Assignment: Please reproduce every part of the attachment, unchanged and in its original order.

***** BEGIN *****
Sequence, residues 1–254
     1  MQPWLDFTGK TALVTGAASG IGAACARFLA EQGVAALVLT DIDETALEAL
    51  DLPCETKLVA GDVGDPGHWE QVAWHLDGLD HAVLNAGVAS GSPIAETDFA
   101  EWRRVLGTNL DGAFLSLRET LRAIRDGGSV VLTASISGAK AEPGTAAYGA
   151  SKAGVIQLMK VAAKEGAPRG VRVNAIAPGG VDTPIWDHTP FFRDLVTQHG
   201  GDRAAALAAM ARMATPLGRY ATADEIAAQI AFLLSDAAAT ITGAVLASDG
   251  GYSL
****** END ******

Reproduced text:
Sequence, residues 1–254
     1  MQPWLDFTGK TALVTGAASG IGAACARFLA EQGVAALVLT DIDETALEAL
    51  DLPCETKLVA GDVGDPGHWE QVAWHLDGLD HAVLNAGVAS GSPIAETDFA
   101  EWRRVLGTNL DGAFLSLRET LRAIRDGGSV VLTASISGAK AEPGTAAYGA
   151  SKAGVIQLMK VAAKEGAPRG VRVNAIAPGG VDTPIWDHTP FFRDLVTQHG
   201  GDRAAALAAM ARMATPLGRY ATADEIAAQI AFLLSDAAAT ITGAVLASDG
   251  GYSL